All of the UK’s links golf courses could disappear by 2100

Alistair Dunsmuir
By Alistair Dunsmuir February 7, 2018 12:45

An alarming report from the UK’s leading environmental organisation charity has found that every links golf course in the UK is in danger of disappearing in less than a century due to climate change.

The Climate Coalition says golf faces an ‘unexpected threat’ from even a slight rise in sea levels, and Open Championship venues such as St Andrews and Royal Troon could be under water by 2100.

The report, which adds that six of the UK’s seven wettest years on record have occurred since 2000, predicts that “golf courses will crumble into the sea”.

“Climate change is already impacting our ability to play and watch the sports we love,” said the report, adding that extreme weather is a factor in declining participation and lost revenue.

Last year we reported on the 455-year-old Montrose Golf Links, which was investigating the possibility of a crowdfunding campaign to raise £5 million to install rock armour alongside three of its seaside holes, following 25 years of coastal erosion.

Montrose Links to crowdfund for £5m to stop course falling into the sea

Chris Curnin, director at Montrose Golf Links, said: “As the sea rises and the coast falls away, we’re left with nowhere to go. Climate change is often seen as tomorrow’s problem – but it’s already eating away at our course.

“In a perfect storm we could lose five to 10 metres over just a couple of days and that could happen at pretty much any point.”

There was as much as 20 per cent less playing time for courses across the greater Glasgow area in 2016-17 compared to 10 years earlier, the report suggests.

“These findings should cause great concern among golf’s authorities,” said BBC golf correspondent Iain Carter.

“The game was founded on the links turf of the British seaside and provides golf in its most authentic form – as well as sums in excess of £75m to local economies on an annual basis.

“But the sport has recognised its precarious position at the hands of mother nature, with a number of green initiatives adopted in recent years.

“This report might also impact on discussions aimed at limiting driving distances because it highlights potential dangers in the maintaining the current trend of lengthening golf courses.”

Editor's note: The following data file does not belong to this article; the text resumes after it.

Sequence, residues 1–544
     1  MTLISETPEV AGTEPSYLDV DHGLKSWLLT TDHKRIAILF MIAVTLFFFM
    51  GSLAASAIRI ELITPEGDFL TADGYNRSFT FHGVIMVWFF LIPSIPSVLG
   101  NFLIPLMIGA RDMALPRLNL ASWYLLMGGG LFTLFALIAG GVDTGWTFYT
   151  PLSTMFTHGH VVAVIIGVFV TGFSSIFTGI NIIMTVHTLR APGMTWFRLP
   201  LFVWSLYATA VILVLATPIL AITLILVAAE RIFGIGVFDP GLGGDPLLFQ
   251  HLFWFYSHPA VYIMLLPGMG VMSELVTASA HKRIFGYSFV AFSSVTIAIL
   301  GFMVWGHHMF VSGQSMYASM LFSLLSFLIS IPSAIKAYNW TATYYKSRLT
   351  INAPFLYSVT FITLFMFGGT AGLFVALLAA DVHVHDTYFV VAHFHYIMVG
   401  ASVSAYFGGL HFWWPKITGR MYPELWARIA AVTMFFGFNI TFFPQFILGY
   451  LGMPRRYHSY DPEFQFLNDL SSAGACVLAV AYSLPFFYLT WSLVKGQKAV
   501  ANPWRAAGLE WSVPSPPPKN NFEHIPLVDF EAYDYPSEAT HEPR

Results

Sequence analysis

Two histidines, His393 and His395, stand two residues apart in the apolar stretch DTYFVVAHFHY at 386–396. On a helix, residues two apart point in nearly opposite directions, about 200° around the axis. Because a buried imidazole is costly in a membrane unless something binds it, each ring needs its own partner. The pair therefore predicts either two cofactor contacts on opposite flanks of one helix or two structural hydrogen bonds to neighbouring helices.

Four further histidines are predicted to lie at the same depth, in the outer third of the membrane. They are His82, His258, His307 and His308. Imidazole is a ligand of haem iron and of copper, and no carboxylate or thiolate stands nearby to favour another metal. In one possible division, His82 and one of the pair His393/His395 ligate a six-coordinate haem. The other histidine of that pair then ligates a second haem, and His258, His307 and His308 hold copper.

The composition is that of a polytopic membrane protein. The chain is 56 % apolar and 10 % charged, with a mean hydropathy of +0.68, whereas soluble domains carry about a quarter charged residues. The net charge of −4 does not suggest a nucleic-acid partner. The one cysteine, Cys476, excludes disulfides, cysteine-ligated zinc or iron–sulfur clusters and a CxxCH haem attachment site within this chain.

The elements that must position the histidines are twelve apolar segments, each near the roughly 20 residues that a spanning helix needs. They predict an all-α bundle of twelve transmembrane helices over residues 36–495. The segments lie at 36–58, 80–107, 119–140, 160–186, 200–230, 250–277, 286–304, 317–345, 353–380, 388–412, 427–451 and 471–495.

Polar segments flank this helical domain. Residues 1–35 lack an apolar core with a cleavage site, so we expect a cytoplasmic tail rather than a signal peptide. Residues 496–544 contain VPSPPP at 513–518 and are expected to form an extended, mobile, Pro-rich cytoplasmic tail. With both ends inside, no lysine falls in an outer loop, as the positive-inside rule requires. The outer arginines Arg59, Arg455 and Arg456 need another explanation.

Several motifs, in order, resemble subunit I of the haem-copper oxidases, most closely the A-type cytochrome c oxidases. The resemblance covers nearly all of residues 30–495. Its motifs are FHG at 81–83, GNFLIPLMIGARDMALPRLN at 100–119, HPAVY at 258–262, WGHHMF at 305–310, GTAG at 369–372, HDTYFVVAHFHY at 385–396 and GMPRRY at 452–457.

“It is a fact that increased rainfall and extreme events are causing more disruption in recreational golf,” added Richard Windows of the STRI.

One in six Scottish golf courses are on the coast, where they are at the most risk of erosion due to rising sea levels, added the report.

Steve Isaac, director of golf course management at the R&A, said: “There is no question it is becoming a huge factor.

“I believe golf is more impacted by climate change than any other sport aside from skiing.

“We are feeling it now with increases in unplayable holes, winter course closures and disruption to professional tournaments.

“And the future threats are very real.”

Professor Piers Forster, director of the Priestley International Centre for Climate at the University of Leeds, added: “Climate change is already affecting the historic game of golf in its birthplace.

“Without cutting the carbon emissions driving climate change, sea levels will rise by over a metre and extremely wet winters will become the norm,” he warned.

“Many aspects of our lives including the game of golf would struggle to adapt to such a changed world.”

The Climate Coalition, which is made up of groups ranging from the National Trust and the Women’s Institute to WWF, the RSPB, Greenpeace and Oxfam, is releasing the report as part of its ‘Show The Love’ campaign, which celebrates things people love but that could be lost due to climate change.


Alistair Dunsmuir
By Alistair Dunsmuir February 7, 2018 12:45
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  1. octafx withdrawal review May 24, 12:02

    All these experts going on about climate change – none of their predictions over the last 50 years have come true!

    Reply to this comment
  2. Prince April 29, 16:28

    This was a wonderful read, keep up the good work

    Reply to this comment
  3. Lorne Smith March 9, 19:12

    Dear Alistair,